Elderly patients at Gosport War Memorial Hospital were prescribed potentially lethal doses of painkillers and sedatives for no obvious reason, the General Medical Council was told last week.
Professor Gary Ford – a medical expert in elderly care and drug interactions – told the GMC there was no clear justification for the high doses of morphine and midazolam given to elderly patients, many of whom did not appear to have been in any pain. Professor Ford was called as an expert witness by the GMC as part of its inquiry into allegations of professional misconduct against Dr Jane Barton related to the care of 12 patients in the 1990s. Professor Ford was also used as a medical expert by Hampshire Police in earlier criminal investigations.
The cocktail of drugs prescribed by Dr Barton "most likely contributed" to the deaths of Robert Wilson, 75, Edith Spurgin, 92, Elsie Devine, 88, Geoffrey Packman, 67 and Jean Stevens, 73, he told the five members of the Fitness to Practice Panel on Friday. But Professor Ford acknowledged that elderly patients with co-existing medical conditions can deteriorate unexpectedly.
The panel was told that the high doses of medication which patients were given soon after arriving at Gosport could not be justified, even if patients were dying.
"In good end-of-life care, the aim is to keep patients comfortable and alert. The only indication for sedating patients is if they are suffering intolerable pain, and even then they must still be monitored properly for adverse reactions to the medication. There is no justification for escalating sedatives and opiates even if the patient is getting end-of-life care," Professor Ford told the panel.
The serious side effects of the drugs, such as respiratory depression, were not considered to be relevant even though patients often went downhill soon after the drugs were started, the hearing was told.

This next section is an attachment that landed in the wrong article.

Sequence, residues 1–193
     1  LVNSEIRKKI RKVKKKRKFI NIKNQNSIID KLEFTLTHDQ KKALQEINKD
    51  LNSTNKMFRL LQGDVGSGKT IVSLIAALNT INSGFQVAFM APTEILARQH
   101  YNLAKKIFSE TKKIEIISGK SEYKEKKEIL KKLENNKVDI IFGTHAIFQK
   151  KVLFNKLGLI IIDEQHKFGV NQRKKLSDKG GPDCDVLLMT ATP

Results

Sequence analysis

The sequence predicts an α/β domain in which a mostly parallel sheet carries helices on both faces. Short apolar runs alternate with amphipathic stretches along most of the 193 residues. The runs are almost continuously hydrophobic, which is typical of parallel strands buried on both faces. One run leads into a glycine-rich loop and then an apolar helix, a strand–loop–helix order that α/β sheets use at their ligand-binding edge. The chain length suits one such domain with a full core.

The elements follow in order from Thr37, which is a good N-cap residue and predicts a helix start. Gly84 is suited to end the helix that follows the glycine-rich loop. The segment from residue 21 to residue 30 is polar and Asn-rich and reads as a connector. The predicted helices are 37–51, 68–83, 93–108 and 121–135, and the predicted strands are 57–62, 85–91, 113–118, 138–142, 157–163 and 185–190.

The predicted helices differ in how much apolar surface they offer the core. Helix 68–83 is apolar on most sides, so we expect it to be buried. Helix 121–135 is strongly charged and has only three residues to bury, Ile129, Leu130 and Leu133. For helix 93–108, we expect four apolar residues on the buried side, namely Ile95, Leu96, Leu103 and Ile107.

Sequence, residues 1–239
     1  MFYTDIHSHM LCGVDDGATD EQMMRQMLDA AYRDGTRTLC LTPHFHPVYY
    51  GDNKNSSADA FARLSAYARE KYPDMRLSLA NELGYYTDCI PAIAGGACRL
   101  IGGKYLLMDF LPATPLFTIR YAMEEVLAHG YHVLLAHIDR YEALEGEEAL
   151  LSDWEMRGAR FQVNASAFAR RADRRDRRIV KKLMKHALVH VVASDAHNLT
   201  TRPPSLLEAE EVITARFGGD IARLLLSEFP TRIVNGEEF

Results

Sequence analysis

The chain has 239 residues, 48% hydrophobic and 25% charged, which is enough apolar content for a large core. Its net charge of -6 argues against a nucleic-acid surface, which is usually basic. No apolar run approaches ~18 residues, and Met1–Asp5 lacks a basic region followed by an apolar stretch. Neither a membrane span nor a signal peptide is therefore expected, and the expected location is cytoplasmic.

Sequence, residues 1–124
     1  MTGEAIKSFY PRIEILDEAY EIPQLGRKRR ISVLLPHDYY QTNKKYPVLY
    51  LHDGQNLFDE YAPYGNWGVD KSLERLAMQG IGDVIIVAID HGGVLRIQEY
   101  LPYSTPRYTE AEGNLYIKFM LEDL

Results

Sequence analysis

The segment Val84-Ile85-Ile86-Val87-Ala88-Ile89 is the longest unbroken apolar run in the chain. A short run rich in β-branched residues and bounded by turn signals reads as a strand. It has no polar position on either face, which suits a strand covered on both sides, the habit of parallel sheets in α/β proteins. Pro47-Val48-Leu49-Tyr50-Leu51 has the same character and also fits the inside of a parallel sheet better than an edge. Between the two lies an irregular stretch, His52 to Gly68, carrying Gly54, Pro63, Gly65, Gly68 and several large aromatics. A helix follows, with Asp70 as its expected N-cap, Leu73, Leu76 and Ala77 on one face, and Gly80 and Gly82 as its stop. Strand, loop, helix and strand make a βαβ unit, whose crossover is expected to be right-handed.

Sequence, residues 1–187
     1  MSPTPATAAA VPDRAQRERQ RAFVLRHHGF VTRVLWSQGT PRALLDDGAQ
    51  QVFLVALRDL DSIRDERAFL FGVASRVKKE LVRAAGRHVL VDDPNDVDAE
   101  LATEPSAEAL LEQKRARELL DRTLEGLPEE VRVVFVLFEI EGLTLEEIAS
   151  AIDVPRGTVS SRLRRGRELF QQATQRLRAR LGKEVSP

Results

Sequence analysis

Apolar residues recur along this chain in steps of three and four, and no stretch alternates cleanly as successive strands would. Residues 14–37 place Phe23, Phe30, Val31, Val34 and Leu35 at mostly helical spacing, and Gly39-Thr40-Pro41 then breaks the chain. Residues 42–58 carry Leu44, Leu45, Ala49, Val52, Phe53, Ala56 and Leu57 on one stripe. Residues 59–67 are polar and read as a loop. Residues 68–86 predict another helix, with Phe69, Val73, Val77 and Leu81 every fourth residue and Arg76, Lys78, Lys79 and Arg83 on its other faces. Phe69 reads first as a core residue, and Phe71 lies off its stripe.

Furthermore, the use of morphine to treat conditions other than pain was inappropriate and unjustified, and midazolam was only recommended for "terminal restlessness" – to treat physical and psychological agitation in dying patients – and was not justified for these patients.
He also told the panel that there was "no logic" in Dr Barton's decision not to transfer Mr Packman back to the acute hospital after he developed clear symptoms of a gastro-intestinal bleed. Instead, he was started on "very high" doses of diamorphine and midazolam for no apparent reason.
Mrs Spurgin was given increasing doses of morphine for severe pain after hip surgery, without the cause of the pain – which was unusual so long after surgery– being investigated. The medical notes suggest the X-ray ordered by a more senior doctor was not followed up by Dr Barton, nor was there any indication that even basic investigations were carried out before it was concluded that Mrs Spurgin died from a stroke. Dr Barton has already admitted to substandard note-keeping.
Professor Ford said it was inappropriate to deal with Mrs Devine's agitation and confusion with strong painkillers which could render a patient unconscious.
"Her deterioration was undoubtedly down to the drugs she received. As with the others, sudden death can occur in elderly, frail patients, but it is difficult not to conclude that the drugs contributed to her death," he said.
Professor Ford agreed that Dr Barton would have been under greater pressure after the ward's senior doctor was not replaced when she went on maternity leave in 1998, but said that staff shortages did not justify prescribing high starting doses of painkillers in case patients developed pain.
Concerns were first raised about Dr Barton's prescribing by nurses in 1991.
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